Machine learning based systems are reaching society at large and in many aspects of everyday life. This phenomenon has been accompanied by concerns about the ethical issues that may arise from the adoption of these technologies. ML fairness is a recently established area of machine learning that studies how to ensure that biases in the data and model inaccuracies do not lead to models that treat individuals unfavorably on the basis of characteristics such as e.g. race, gender, disabilities, and sexual or political orientation. In this manuscript, we discuss some of the limitations present in the current reasoning about fairness and in methods that deal with it, and describe some work done by the authors to address them. More specifically, we show how causal Bayesian networks can play an important role to reason about and deal with fairness, especially in complex unfairness scenarios. We describe how optimal transport theory can be used to develop methods that impose constraints on the full shapes of distributions corresponding to different sensitive attributes, overcoming the limitation of most approaches that approximate fairness desiderata by imposing constraints on the lower order moments or other functions of those distributions. We present a unified framework that encompasses methods that can deal with different settings and fairness criteria, and that enjoys strong theoretical guarantees. We introduce an approach to learn fair representations that can generalize to unseen tasks. Finally, we describe a technique that accounts for legal restrictions about the use of sensitive attributes.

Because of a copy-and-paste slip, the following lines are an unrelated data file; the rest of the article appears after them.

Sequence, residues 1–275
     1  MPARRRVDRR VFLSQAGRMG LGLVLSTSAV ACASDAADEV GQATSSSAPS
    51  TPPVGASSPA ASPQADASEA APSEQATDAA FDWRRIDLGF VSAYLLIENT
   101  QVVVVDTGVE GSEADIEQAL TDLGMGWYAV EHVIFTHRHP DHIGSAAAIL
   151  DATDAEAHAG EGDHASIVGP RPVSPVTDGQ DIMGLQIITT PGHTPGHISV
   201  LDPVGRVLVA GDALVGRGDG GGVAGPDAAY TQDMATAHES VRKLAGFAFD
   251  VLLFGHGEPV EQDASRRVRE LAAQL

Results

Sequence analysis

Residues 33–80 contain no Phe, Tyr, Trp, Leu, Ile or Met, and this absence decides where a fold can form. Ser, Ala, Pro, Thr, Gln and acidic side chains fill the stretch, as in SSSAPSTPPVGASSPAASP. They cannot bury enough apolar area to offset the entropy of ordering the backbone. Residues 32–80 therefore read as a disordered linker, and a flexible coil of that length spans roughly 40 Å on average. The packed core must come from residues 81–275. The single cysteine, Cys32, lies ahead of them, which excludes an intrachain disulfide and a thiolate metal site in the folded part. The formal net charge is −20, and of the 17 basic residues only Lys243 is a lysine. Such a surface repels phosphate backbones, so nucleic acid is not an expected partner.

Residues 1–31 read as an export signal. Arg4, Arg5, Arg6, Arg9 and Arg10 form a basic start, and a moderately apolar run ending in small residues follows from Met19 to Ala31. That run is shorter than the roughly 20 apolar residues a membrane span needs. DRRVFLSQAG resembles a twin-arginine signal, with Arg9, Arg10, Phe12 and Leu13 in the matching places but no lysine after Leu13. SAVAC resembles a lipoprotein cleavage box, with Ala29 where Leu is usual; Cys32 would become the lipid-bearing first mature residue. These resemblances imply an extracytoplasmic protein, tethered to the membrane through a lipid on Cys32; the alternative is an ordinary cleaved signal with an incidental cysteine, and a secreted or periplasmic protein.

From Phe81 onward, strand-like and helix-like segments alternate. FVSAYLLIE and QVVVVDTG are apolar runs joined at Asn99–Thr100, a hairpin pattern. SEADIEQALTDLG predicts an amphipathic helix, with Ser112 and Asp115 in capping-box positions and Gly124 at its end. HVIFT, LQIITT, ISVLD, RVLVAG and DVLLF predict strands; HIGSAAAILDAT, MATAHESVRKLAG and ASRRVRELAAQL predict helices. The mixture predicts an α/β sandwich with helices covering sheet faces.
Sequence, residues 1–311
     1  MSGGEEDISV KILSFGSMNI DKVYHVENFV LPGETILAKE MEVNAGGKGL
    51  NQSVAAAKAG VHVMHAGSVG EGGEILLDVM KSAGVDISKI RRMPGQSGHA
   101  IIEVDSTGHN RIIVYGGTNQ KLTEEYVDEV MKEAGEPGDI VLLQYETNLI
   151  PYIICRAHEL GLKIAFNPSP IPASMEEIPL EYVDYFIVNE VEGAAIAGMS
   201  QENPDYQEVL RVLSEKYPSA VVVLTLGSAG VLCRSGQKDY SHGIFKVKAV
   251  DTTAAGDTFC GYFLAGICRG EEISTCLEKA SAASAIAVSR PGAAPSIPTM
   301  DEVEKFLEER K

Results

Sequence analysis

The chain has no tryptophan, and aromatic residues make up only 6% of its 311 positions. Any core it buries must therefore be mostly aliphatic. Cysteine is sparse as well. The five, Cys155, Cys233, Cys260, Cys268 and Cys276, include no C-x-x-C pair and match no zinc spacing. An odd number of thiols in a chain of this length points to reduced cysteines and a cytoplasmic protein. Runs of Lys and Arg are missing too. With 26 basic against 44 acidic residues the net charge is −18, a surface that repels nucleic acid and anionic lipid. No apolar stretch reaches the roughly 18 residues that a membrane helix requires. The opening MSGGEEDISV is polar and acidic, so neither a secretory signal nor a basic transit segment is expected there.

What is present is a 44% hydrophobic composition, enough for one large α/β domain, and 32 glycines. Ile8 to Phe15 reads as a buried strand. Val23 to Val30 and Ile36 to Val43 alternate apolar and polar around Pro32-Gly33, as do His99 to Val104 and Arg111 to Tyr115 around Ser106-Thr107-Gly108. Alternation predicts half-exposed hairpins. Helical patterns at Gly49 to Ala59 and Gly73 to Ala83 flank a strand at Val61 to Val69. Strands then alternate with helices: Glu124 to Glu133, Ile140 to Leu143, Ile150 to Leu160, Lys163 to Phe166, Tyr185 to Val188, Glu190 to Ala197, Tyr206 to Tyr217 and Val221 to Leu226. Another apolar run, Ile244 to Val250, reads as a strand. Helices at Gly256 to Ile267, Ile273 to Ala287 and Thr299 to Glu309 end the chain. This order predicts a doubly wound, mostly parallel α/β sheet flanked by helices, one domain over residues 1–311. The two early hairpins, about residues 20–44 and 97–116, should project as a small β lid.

Speakers: Sophia T. Dusch, Vincent B. Rice, Venkat R. Lakshminarayanan, Taiwo A. Togun, C. Malik Boykin, Sarah M. Brown